4

Ok, here goes!

I’m an old guy with limited computer skills but lots of music that I like listening to on my home stereo system. This is what I would like to do:

I love my iPad Air 3. It’s all I got computer wise and over 300 hard earned purchased CDs. I want to listen to all this music via my iPad. Touch something on the screen and it plays the music I have OFFLINE.

I know I will need a computer/laptop, an external dvd player, and an external storage device. Everything else I read that I might need is quite confusing to me. Don’t use iTunes, need this storage device, use this player, and onwards.

TMI for me! I don’t want to stream. Just listen to what I have. Willing to pick up a apple laptop to hopefully make all this easier.

Simple solutions would be best for me. Any suggestions for us newbies? Thanks a bunch!

1 Answer 1

5

What you really need is iTunes [or the newer Apple Music, but that won't actually help… read on…].
The reason you need iTunes is that's the only way to get the music onto the iPad. The iPad can't play the actual CDs, of course.

So, you want an old Mac (or a PC, but hey, we're all Mac fans here ;) one with a CD/DVD drive. This is going to be maybe 10 years old or so (& therefore cheap;). Modern ones don't have optical drives any more, though you can get external ones… maybe too much faff if all you want is a machine to enable your transfers.

Older Macs still use iTunes [that's why you don't need to care about Apple Music which replaced iTunes]

Once you run iTunes, you can feed it CDs one at a time & bring them all into iTunes.
Your Mac will need to be able to see an internet connection whilst it's doing this, to get the album & track titles & the artwork. [These are not on the CD at all, it uses some smart recognition software to 'guess' what the album is.] You can then sync these to your iPad & carry your entire CD collection wherever you go.

I found a pictorial guide to the actual process - they used a PC but the method is the same - https://www.copytrans.net/support/how-to-import-cd-tracks-to-itunes/

As a bonus - the Mac will also now contain all your CDs, giving you two means of playback.

Note: This is all a bit complex to run the entire procedure in a few paragraphs. If you need further detail as you work through it, it may well be worth asking additional, more focussed questions.

9
  • Thx for the quick reply. Willing to get a new apple laptop if in the end I only mostly use my iPad to access all my tunes. Do I need a NAS? Or an additional external storage device? Over 300 cds not going to fit on a new air laptop? Everyone seems to hate Apple Music, what alternative easy software can I get? Commented Oct 27, 2022 at 23:29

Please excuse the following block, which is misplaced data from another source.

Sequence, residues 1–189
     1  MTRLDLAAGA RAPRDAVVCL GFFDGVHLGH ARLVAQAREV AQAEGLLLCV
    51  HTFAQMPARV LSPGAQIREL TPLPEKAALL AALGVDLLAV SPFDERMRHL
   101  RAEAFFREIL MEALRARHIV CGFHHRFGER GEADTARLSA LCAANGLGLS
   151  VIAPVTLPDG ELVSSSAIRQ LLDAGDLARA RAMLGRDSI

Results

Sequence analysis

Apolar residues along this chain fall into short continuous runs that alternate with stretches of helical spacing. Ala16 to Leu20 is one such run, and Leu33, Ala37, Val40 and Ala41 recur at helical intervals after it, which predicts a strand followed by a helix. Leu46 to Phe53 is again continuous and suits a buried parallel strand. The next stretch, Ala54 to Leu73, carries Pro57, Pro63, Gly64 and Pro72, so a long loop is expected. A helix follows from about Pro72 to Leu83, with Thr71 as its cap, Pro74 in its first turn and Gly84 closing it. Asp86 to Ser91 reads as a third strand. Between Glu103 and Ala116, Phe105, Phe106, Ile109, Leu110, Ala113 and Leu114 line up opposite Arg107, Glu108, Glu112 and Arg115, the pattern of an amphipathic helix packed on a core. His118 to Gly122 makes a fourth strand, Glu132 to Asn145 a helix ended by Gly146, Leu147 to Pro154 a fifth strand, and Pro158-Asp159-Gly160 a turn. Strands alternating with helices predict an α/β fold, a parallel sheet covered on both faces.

• 1
    @raykazlauskas If you use the default 128kbps Apple AAC encoding, that's about 1 MB / minute. 300 CDs * 70 minutes * 1 MB / min ≈ 21 GB. So that can definitely fit. Even if you use the fancy 256 kbps AAC encoding, it'll still fit. Commented Oct 28, 2022 at 4:35
  • 2
    The 'advantages', in this case of a older Mac is a) the built-in DVD drive & b) only iTunes, no Apple Music [you're offered a subscription but you can ignore it & just use it like it always was.] iTunes was what drove Apple's success in the 2000's, a billion iPods freed the world of cassette Walkmans & portable CD players. All your music collection in one tiny box. Your iPad can just be a bigger version of this box. A Macbook Pro 13" 2012 was the last to have the optical drive; running Mojave it would be technically out of date, but not too old to use. I've seen them on eBay at £120.
    – Tetsujin
    Commented Oct 28, 2022 at 7:19
  • Thx for everyone’s support. I’m iffy on old tech so I’ll probably get a new Mac air, a fat ssd, and an external burner. Besides iTunes, what 3rd party non streaming music player should I get? Thank again. Commented Oct 28, 2022 at 17:59
  • 1
    I'd go with 'old tech'. You want this for one task, then you're done with it. iTunes [now called Music] is already on the iPad waiting to go, once you sync your ripped CDs to it. A 2012 Mac with Mojave is not from pre-history, it's still a perfectly usable structure for a year or three - more if you're not interested in the 'new shiny' every year. It's a no-brainer [& cheap], really. I've set up my octogenarian parents with this type of setup & they're happy as Larry. [certainly compared to 15 years of prior bi-weekly remote accessing the bl@@dy PC they used to use ;)
    – Tetsujin
    Commented Oct 28, 2022 at 18:15

You must log in to answer this question.

Not the answer you're looking for? Browse other questions tagged .